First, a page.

‘Alexis Sanchez showed game intelligence and harried Europe’s toughest defence in Turin…his display could be the turning point in kickstarting his career at Old Trafford’ was the headline on one piece about Alexis Sanchez that ended ‘Mourinho will surely be faithful to Sanchez this weekend’. How naive of an experienced journalist to assume that an outstanding performance against Juventus in possibly United’s finest hour since Sir Alex Ferguson’s retirement would then lead to a place in United’s team to face City four days later. How naive indeed.
Sanchez was said to be incensed to find himself back on the bench. Put aside one-eyed club loyalties and green-eyed anger about him being the Premier League’s best-paid player and you should be able to summon some degree of sympathy. Having joined Manchester United over City, not purely for money but also because he believed that he would be first choice, Sanchez has found himself playing less top-flight football than even Fred. His wages make him an incredibly easy scapegoat but his form – though by no means extraordinary – absolutely has not.
Two compelling statistics tell a story of Sanchez’s season. The first is that he creates more chances than any other Manchester United player. And when we say ‘more chances’, what we should say is ‘a f***-load more chances’. He creates 2.8 chances per 90 minutes in the Premier League without being on set-piece duty; for comparison, Anthony Martial and Paul Pogba’s figure is 1.7. Sanchez has created five Big Chances this season; that he only has two assists cannot sensibly be considered his fault. He throws his hands up in exasperation – and in turn exasperates everybody watching – because it transpires that leaving Arsenal did not automatically mean he was playing with better players. You can see why he might end up alone and unloved in the dressing room (as he allegedly did at Arsenal) but that should not preclude his inclusion in a struggling side. His performance in Turin demanded another start.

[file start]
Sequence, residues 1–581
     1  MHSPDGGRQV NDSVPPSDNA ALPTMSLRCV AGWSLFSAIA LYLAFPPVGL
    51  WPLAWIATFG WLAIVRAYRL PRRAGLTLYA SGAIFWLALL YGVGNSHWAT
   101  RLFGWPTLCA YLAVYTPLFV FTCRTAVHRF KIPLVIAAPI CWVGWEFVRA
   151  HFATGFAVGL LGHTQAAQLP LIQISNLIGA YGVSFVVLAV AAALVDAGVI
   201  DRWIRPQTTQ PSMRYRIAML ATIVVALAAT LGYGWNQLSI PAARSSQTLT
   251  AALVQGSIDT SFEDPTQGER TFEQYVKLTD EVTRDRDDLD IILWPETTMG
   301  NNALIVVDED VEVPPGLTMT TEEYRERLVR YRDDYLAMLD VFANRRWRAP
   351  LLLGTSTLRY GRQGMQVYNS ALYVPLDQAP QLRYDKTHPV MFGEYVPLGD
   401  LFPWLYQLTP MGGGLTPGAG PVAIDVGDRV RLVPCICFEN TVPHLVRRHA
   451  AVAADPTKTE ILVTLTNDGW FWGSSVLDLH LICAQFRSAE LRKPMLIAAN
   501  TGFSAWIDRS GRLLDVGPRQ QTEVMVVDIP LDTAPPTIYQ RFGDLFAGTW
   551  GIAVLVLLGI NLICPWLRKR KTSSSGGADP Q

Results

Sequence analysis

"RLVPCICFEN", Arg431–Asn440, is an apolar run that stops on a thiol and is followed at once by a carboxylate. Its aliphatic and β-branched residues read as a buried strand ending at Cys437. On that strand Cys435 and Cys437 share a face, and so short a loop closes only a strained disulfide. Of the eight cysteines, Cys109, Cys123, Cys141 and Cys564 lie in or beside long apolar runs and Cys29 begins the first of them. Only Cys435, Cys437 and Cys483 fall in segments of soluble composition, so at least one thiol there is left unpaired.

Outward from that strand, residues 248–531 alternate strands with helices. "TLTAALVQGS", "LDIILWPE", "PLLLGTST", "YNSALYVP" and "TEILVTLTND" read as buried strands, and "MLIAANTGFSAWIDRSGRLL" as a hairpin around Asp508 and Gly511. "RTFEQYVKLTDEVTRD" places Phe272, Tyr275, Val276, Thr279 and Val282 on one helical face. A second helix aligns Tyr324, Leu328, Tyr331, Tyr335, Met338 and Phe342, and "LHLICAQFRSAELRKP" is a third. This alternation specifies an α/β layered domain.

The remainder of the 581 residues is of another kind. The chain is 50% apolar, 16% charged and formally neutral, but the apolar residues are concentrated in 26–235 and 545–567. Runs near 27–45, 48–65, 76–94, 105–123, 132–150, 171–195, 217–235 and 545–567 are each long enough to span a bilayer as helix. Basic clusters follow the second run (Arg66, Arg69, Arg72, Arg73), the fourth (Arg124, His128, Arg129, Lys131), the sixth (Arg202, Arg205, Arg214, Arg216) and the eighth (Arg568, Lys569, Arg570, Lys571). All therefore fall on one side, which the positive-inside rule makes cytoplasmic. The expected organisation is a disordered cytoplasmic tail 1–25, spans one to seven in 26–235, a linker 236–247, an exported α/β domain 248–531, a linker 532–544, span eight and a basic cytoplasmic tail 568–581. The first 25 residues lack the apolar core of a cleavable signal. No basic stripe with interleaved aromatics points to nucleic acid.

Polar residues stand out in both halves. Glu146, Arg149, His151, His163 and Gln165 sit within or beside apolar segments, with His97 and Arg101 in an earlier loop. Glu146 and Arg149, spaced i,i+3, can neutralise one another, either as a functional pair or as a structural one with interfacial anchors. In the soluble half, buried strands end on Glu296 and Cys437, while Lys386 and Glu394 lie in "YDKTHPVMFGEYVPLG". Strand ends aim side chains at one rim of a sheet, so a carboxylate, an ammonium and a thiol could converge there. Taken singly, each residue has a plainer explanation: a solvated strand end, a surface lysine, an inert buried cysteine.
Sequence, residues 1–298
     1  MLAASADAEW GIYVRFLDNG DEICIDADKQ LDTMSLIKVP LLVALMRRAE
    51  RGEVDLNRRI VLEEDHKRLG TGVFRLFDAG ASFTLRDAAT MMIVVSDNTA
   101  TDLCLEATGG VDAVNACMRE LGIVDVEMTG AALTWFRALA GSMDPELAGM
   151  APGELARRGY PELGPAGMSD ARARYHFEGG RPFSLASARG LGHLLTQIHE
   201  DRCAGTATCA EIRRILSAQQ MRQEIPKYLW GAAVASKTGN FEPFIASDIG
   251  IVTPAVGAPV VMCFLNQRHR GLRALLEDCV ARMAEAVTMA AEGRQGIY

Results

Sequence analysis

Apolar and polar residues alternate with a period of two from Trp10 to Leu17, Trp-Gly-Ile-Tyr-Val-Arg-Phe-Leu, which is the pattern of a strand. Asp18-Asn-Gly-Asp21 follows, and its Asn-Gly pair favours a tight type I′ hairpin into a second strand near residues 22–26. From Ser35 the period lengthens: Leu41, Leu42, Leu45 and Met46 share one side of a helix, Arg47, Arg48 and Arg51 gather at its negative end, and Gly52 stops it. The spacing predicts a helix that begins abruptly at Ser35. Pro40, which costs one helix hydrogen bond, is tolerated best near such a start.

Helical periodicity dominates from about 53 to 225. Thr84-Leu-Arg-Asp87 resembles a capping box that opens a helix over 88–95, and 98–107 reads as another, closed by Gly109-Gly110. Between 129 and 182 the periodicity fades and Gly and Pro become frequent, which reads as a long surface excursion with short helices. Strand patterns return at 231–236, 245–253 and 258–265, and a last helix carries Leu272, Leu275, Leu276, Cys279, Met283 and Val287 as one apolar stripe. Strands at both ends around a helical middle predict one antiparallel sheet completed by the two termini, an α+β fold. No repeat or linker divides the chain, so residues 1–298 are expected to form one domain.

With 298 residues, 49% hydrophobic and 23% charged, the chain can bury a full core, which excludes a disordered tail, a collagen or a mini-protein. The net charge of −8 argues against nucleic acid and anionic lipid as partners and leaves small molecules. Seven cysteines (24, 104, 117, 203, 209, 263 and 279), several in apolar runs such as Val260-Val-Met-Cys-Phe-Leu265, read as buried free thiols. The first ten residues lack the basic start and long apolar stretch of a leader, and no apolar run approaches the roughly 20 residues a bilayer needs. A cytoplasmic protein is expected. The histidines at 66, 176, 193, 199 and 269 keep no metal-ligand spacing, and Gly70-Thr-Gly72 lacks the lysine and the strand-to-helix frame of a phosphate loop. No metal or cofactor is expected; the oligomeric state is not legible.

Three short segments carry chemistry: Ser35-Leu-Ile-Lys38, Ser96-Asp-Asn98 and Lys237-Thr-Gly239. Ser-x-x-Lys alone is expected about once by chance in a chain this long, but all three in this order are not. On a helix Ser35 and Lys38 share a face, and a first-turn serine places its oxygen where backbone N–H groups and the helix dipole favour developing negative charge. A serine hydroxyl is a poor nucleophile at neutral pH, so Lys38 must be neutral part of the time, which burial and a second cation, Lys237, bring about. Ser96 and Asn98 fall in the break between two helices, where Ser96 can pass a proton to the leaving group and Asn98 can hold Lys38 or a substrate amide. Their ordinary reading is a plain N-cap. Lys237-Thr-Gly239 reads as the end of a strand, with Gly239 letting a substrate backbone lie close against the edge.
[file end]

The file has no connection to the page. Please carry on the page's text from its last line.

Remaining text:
How good was Alexis Sanchez last night? He gives us the direct approach, adds extra dimension in attack, great awareness of his teammates, remarkable movement & unbelievable control on the ball.
— Josh. (@ManUnitedMedia) November 8, 2018
Which brings us to the second compelling statistic – that Manchester United’s six defeats this season have all come when Sanchez has not been in the starting XI. The Chilean has a P7 W5 D2 L0 record in matches he has begun this season, which is astonishing in such a poor season for his club. That fact alone should surely have kept him in the team for the visit to the Etihad, even if you blindly ignore his performance in Italy. Injury? Jose Mourinho did mention “his little problem in Turin” but then said in the next breath that he was “fully available”; his non-selection was not about a niggle but solely about the manager opting for a pacey front three in a game he expected City to dominate. Considering Sanchez had more than played his part against an equally dominant Juventus, that must have stung.
Sanchez is clearly not an easy man to like – it has been reported that he ‘cuts a deeply unhappy figure’ at United, where his style is predictably at odds with his manager’s. Mourinho is said to consider it a ‘mystery‘ that Sanchez has not been a success. Which is itself a mystery to every single one of us who thought this was a disaster waiting to happen. Sanchez is apparently a shouter and a sulker, and there is room for only one of those at Old Trafford. The two have clashed.
Arsene Wenger has watched from afar and diagnosed a lack of confidence – he knows that the Chilean is not a player motivated by competition but propelled by momentum. He may have been over-indulged at Arsenal, but the contrast between Wenger and Mourinho is clearly too great. It is a yawning chasm. He has swapped inclusion regardless of performance for exclusion regardless of performance. How much of Sanchez’s current demeanour is born from the regretful knowledge that the sensible half-way house would have been Pep Guardiola’s Manchester City? There he would have been coached and nurtured – without being mollycoddled – and he may have progressed rather than regressed. He would certainly have been judged fairly in comparison to City’s other attackers. It has to hurt that Riyad Mahrez is playing more football for a brilliant City than Sanchez for a flawed United.
In less than two weeks, Sanchez has seen his United career seemingly kickstarted and then stalled again. Pity is in short supply for a man who earns a reported £500,000 a week, and plenty will enjoy watching him suffer, forgetting that money does not revoke human being status, but Manchester United’s most creative footballer deserves more faith than most. You don’t have to like his face to conclude that it’s far from simply his fault that he is not thriving at United. After all, he is creating chances and winning football matches. That surely has to be worth something.